January 19, 2012
America's current conflict with Islam is rooted in a long and complicated history.
Christopher Columbus, for example, believed he was predestined to lead "a fifth Crusade" and re-conquer Jerusalem. Cotton Mather, the 17th century Massachusetts clergyman, relished the fact that he was in a country "afar off, in a land, which never had (that I have ever heard of) one Mohametan breathing it it."
And yet, as President Barak Obama noted in his famous June 4, 2009 Cairo speech, Muslim Morocco was the first country to recognize the independence of the United States.
In his new book Islam and America: Building a Future without Prejudice, Anouar Majid, University of New England associate provost for global initiatives and director of the Center for Global Humanities, argues that the current animosity between the U.S. and Muslim world should be understood through the often-overlooked history between the two.
Majid traces the genealogy of this conflicted relationship from the Pilgrims to the present, portraying a complicated history of prejudice and missed opportunities, as well as a history of benevolence and fruitful exchange on both sides.
In telling this history, he weaves personal stories with historical narratives to offer a critical view of both cultures and to suggest a path towards future peace.
Majid contends that knowing this history of both conflict and collaboration can help promote the mutual goodwill and appreciation that will be necessary to tackle the challenges facing Islam and America. Majid makes an argument against faith-inspired prejudices and offers suggestions for the future.
He writes: "We all - Americans and Muslims, Israelis and Palestinians - must rediscover the promise of the Enlightenment, whose core revolutionary principles - the banishment of ignorance and prejudice, the elevation of reason over blind faith, the quest for a just society that is fulfilling to all, and the uncompromising dedication to human dignity - were snuffed out too early and prematurely. It will take time to replace pessimism with hope, suspicion with genuine openness, and clashes with alliances; but we are better off starting now than delaying good works to some indefinite time in the future."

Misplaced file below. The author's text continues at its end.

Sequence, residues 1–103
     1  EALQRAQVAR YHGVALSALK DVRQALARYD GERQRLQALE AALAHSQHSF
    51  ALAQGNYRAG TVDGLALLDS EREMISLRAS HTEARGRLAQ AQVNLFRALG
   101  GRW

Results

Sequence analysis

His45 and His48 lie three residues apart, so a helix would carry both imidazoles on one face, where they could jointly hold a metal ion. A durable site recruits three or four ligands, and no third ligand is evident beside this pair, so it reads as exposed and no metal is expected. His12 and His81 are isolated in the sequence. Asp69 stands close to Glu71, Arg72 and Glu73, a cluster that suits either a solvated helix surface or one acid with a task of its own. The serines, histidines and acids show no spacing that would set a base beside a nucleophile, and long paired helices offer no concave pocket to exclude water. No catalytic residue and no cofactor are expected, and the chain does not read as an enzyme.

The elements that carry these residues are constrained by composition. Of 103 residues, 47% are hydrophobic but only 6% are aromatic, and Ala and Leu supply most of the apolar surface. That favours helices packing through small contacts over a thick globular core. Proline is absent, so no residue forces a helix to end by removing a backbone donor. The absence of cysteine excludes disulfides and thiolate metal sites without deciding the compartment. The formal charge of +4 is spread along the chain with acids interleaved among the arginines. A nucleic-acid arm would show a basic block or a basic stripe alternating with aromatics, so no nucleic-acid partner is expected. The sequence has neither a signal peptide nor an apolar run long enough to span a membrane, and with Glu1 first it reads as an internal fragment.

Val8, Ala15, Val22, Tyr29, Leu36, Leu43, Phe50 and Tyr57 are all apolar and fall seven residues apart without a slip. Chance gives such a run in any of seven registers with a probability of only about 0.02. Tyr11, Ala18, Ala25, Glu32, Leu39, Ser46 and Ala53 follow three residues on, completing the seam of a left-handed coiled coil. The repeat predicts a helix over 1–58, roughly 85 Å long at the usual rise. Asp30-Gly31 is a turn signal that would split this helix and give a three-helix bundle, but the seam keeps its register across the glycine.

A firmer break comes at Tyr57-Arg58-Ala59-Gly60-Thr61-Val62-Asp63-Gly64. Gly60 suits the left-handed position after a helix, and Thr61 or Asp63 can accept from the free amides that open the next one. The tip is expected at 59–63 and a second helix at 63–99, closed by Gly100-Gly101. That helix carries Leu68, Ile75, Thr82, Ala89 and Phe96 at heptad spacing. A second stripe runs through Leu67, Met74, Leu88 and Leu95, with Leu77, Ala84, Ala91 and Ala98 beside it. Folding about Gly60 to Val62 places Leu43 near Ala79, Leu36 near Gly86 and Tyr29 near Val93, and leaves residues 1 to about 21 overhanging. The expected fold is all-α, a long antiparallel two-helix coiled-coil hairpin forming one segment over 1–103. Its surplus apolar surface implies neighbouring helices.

In a pre-publication review of Islam and America (Rowman & Littlefield), Daniel Martin Varisco of Hofstra University, writes: "What makes this book stand out from the rest are both Majid's self-reflection as a Muslim from Morocco and his passion for retelling the principles that at one time made the American experiment the envy of the world. As Majid persuasively argues, Americans and Muslims do not straddle a rigid cultural divide but can build on shared values if everyone recognizes that past prejudice is the enemy of future progress."
In another review, Robert J. Allison, of Suffolk University, says that "Anouar Majid's Islam and America is a bold and courageous book, putting a millennium of history, theology, and culture into context and challenging assumptions on all sides. Islam and America should be read by all who are perplexed at the catastrophic relations between the United States and the Muslim world, between Israel and her neighbors - who might come away with renewed faith that we still have it in our power to begin the world anew."
Publishers Weekly writes that: "Majid's message is critical in today's political climate, and this work is a worthwhile contribution to an ongoing dialogue."
Majid, founding director of UNE's Center for Global Humanities and professor of English and Language Studies, has been described by Princeton scholar and public intellectual Cornel West as one of a few "towering Islamic intellectuals," a leading figure in examining the place of religion and Islam in postcolonial theory and the culture of globalization.
Majid is author of several critically acclaimed books on Islam and the West, including We Are All Moors: Ending Centuries of Crusades against Muslims and Other Minorities and A Call for Heresy: Why Dissent is Vital to Islam and America. His work has been featured on PBS's Bill Moyers Journal and Al Jazeera television.
Professor Majid's novel Si Yussef, originally published in 1992 and republished in paperback by Interlink in 2005, has been the focus of much scholarly and critical interest. He is also editor of TingisRedux, a Moroccan-American magazine.